Another thing worth remembering is that complaint dept operatives tend to be able to solve things up to £50 without significant authorisation as the authorisation process tends to cost more than would be saved from just paying out the amount claimed. So if you have a complaint, and you can reasonably justify it to the 1st/2nd line complaints droid, stiff them for the full £50 (apply an extended remix of time, trouble and inconvenience if this helps).

            My experience of LBG is if the payout is relatively low they tend to nix complaints before they become complaints - I've had CS droids offering small payments of around £20 to avoid it entering their internal complaint system where the cost inevitably rises exponentially with a risk of further costs going to Ombudsman. Some may say this is bribing the customer to keep their complaint stats down but such is capitalism ¯\_(ツ)_/¯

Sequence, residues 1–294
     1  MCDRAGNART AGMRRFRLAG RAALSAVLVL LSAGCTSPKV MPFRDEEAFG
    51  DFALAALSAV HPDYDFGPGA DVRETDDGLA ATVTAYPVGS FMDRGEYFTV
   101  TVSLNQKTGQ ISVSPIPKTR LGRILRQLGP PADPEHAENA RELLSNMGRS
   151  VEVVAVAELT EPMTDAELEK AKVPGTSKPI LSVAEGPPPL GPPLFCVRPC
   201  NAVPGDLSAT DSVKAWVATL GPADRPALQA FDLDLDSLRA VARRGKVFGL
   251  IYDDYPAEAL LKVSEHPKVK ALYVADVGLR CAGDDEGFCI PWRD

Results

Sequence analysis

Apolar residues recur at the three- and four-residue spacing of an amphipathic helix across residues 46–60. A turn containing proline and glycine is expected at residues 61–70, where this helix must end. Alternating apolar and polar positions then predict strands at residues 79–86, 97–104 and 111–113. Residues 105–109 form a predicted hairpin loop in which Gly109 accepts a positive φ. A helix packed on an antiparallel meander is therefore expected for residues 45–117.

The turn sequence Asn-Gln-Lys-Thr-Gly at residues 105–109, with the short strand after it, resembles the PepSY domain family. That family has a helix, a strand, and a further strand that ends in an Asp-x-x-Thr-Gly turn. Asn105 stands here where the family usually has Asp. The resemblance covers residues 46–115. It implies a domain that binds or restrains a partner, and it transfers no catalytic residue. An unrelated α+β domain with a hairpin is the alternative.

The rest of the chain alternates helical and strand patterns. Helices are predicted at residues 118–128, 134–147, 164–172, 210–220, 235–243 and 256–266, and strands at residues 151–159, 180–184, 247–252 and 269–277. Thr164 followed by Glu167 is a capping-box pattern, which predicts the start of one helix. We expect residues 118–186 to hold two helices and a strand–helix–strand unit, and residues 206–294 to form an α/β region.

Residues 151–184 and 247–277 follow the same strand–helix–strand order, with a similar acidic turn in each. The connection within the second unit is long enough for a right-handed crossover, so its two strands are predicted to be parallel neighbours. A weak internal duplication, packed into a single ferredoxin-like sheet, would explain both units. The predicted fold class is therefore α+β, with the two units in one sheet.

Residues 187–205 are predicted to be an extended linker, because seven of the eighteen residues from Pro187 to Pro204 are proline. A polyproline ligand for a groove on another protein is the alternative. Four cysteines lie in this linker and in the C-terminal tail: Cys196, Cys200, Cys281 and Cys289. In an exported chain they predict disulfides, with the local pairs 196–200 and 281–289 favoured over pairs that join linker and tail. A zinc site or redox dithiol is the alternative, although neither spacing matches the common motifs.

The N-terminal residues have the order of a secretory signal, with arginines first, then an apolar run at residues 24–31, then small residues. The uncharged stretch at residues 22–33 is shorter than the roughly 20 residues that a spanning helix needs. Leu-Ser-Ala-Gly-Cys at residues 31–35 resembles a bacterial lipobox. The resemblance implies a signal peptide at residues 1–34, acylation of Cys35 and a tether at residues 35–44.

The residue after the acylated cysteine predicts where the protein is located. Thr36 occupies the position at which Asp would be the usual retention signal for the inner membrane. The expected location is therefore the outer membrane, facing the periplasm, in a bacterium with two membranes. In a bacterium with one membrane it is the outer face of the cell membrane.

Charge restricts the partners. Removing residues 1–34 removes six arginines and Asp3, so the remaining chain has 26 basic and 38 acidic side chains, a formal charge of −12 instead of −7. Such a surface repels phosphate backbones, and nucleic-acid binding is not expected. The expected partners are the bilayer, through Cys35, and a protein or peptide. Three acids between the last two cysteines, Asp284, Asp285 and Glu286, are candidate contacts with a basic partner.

1. Mark 78

              Re: When Will People Learn? Halifax Banking...52% APR / 68.4% APY

              You don't even have to bank with Lloyds for them to continually hassle you. I get regular text messages from them confirming they've set up a direct debit for me, when I haven't got an account. Someone has given them the wrong phone number to use for their account and despite several phone calls they seem unable to remove it from their system as they say they "have no way of finding the user from the phone number".

        2. Anonymous Coward
          Anonymous Coward

          Re: When Will People Learn? Halifax Banking...52% APR / 68.4% APY